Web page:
By BRENT STUBBS
Senior Sports Reporter
GLASGOW, Scotland — Tamara Myers surprisingly found herself where no athlete wants to be in the qualifying round - the last position to get into the final.
On Monday night in the women’s triple jump preliminaries, Myers was 13th overall, one spot shy of booking her ticket into the final of the women’s triple jump at the 20th Commonwealth Games.
Only the top 12 earned the rights to compete in the final tonight at 1:40pm EST. Myers popped her best jump of 12.87 metres or 42-feet, 2 3/4-inches on the last of her three attempts. She was beaten out for the final spot by Mathide Boateng of Ghana with 13.07m (42-10 3/4).
“It didn’t get started out too well,” said Myers, who admitted that she didn’t have a good series of jumps.
The North Andros native, who will also be contesting the long jump, was the second Bahamian to be eliminated. She joined Jamal Wilson, who didn’t survive the cut in the men’s high jump earlier in the day with Donald Thomas and Ryan Ingraham, who both advanced to Wednesday’s final.
“The first jump was a foul, I went to the second jump and tried to get it together and I wasn’t balanced too well and I almost fell into the pit,” Myers said. “Then on my third jump, it was my best one. I was hoping that it was good enough to get me into the final.”
Myers said the good thing is she has the long jump to fall back on when the preliminaries get started today. She will be competing along with Bianca ‘BB’ Stuart.
“I’m looking to at least do my personal best,” Myers said. “If I can achieve that, I know I will be in a good position to do very well here.”
After knocking on the door of international prominence for the last decade, Wilson finally got his opportunity and he came up short of getting into the final, but bowed out of the competition at the Hampden Park with a leap of 2.11 metres or 6-feet, 11-inches.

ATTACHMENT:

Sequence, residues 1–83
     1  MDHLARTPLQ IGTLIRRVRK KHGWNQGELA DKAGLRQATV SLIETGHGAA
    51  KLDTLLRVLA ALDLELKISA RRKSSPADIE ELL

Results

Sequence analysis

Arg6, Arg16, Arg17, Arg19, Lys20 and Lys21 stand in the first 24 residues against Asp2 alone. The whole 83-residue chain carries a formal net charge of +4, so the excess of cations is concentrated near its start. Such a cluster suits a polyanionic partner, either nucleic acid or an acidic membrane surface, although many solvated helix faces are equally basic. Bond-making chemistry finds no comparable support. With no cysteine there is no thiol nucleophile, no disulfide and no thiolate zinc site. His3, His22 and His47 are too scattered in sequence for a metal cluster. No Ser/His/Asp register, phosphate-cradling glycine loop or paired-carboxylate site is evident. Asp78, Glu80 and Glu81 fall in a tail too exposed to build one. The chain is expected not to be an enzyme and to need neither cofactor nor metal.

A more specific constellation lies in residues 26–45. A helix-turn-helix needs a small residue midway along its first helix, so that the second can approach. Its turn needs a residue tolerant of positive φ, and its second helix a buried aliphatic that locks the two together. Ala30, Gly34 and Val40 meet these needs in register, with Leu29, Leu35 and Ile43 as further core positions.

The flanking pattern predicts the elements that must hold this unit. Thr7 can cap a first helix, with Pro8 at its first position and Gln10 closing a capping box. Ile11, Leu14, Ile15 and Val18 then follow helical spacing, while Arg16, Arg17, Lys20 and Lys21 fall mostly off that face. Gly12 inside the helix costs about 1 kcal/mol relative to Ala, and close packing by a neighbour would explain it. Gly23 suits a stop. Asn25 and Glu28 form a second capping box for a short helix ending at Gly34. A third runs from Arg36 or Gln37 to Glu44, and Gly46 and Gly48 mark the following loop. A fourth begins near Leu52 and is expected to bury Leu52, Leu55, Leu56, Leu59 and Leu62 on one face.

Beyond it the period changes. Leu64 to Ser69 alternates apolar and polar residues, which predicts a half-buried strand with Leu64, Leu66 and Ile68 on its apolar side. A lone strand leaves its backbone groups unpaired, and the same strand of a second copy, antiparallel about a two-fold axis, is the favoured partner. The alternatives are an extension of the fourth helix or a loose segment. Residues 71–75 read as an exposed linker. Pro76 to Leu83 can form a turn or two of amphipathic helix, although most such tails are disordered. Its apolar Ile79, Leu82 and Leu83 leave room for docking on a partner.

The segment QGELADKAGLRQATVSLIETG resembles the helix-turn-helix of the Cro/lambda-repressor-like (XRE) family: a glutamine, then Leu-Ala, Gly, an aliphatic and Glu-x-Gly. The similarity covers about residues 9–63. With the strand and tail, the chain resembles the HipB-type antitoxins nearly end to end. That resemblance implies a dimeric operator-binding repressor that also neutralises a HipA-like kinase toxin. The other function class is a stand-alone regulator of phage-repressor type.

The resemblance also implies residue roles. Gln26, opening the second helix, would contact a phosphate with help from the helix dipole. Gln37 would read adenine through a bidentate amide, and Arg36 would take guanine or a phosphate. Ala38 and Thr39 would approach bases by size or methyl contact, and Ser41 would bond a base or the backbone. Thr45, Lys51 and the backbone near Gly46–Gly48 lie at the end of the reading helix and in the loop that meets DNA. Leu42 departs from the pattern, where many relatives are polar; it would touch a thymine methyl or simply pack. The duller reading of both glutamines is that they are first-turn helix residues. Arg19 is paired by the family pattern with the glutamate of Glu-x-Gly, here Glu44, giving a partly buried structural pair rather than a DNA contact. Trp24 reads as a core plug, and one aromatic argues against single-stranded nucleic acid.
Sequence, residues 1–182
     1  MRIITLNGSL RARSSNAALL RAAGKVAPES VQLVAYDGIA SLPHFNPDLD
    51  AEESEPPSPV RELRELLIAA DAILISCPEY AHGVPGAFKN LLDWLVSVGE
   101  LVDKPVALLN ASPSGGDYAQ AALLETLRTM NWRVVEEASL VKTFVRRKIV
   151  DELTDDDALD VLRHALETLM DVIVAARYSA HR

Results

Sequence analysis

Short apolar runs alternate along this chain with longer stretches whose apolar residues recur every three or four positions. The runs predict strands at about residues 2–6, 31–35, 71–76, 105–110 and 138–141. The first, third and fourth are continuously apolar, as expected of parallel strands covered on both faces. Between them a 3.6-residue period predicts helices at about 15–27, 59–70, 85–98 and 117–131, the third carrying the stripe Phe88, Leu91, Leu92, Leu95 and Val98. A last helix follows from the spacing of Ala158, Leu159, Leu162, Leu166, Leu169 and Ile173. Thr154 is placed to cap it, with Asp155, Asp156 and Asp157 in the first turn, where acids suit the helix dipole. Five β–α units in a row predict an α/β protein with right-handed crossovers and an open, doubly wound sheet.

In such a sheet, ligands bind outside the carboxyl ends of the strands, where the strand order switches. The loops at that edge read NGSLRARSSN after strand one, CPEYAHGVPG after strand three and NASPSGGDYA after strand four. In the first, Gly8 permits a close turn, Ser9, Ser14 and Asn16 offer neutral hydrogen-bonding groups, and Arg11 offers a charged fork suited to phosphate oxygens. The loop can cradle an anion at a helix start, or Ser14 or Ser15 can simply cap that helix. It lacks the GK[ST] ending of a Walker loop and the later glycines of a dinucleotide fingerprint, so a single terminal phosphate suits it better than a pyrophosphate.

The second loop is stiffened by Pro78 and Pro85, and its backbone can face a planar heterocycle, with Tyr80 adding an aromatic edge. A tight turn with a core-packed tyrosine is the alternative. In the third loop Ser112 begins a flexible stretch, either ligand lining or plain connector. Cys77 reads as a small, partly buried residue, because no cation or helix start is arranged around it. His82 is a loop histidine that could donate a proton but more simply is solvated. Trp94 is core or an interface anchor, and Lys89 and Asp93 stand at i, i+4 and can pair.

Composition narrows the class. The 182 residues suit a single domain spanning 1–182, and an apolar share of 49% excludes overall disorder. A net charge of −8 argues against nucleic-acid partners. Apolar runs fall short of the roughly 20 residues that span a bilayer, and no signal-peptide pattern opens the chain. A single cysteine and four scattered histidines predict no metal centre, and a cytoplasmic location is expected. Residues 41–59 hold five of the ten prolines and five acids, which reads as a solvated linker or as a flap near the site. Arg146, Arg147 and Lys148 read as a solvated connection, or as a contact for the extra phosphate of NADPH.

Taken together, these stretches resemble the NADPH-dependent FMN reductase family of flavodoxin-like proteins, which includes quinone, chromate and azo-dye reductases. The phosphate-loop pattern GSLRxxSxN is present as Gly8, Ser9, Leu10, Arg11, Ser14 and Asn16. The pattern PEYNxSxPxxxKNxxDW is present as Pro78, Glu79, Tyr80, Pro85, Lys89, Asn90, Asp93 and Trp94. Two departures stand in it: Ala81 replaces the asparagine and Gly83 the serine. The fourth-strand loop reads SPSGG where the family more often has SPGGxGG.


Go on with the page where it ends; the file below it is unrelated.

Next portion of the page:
That placed him tied with two others for 14th place. All 12 qualifiers, including Thomas and Ingraham, went in with just 2.20m (7-2 1/2). The automatic qualifying height was 2.23m (7-3 3/4), but they didn’t have to clear that height as the remaining jumpers fell out of contention at lower heights.
“It was terrible. Bad timing and bad placement,” was how Wilson described his performance. “I felt good, physically ready, but just the timing, the timing over the bar. I just couldn’t get it right.
“Unfortunately, it didn’t allow me to get into the final, so I won’t be jumping again in the Commonwealth Games. It was a good experience, but it’s a terrible experience because I didn’t get to do what I wanted to do and that was to get on the medal podium. But I’m still living and still alive. Better luck next time.”
It will be another showdown in the final for the Bahamian duo of Thomas and Ingraham.
Before the night was out, another jumper got eliminated as Tamara Myers’ debut was cut short in the women’s triple jump preliminaries.
Ingraham, the 20-year-old now a full blown professional athlete after a brief but incredible rise through the junior ranks, said he couldn’t ask for a better effort in the preliminaries.
His only hope is that he can duplicate it in the final.
“I was just trying to keep warm,” he said. “I am just hoping that I can do my best and come out with a PR (personal best),” he said. “If I can get a medal, I will be very happy.
“I know we will always have two Bahamians in the final whenever we all compete together. Jamal was supposed to be there too, but things just didn’t go his way. Hopefully next time for him. It’s not up to me and Donald to do it.”
In the final on Wednesday at 1:40pm EST, Ingraham will be the third jumper on the runway, while Thomas will come out seventh.
“I feel good. Thank God I made it. My preparation is going great, so I’m just looking forward to the final,” Thomas said. “We have two Bahamians in the final, so we should do very good. But I’m going in there to focus on me.”
Thomas, 30, was converted to the high jump after he took up a dare challenge as a college basketball player at Lindenwood University. In his first meet, he cleared 2.22m before he went on to win the 2006 NAIA Indoor Track & Field National Championships with a height of 7-01.75.
That same year, he also finished fourth in his debut at the Commonwealth Games.
The following year in 2007 in Osaka, Japan, Thomas turned out to be the “boy wonder,” winning the IAAF World Championship title. Three years later in New Delhi, India, he rose on top of the podium again as the 2008 Commonwealth Games champion.
Ingraham, who also made the switch over from playing basketball for the CI Gibson Rattlers to the high jump, emerged on the scene in 2012 as the CARIFTA champion in Hamilton, Bermuda, to the IAAF World Junior Championship champion in Barcelona, Spain, that summer.
He participated in the 2010 Olympics in London, England, where he placed ninth overall. Now he’s making his debut at the Commonwealth Games, looking for another medal.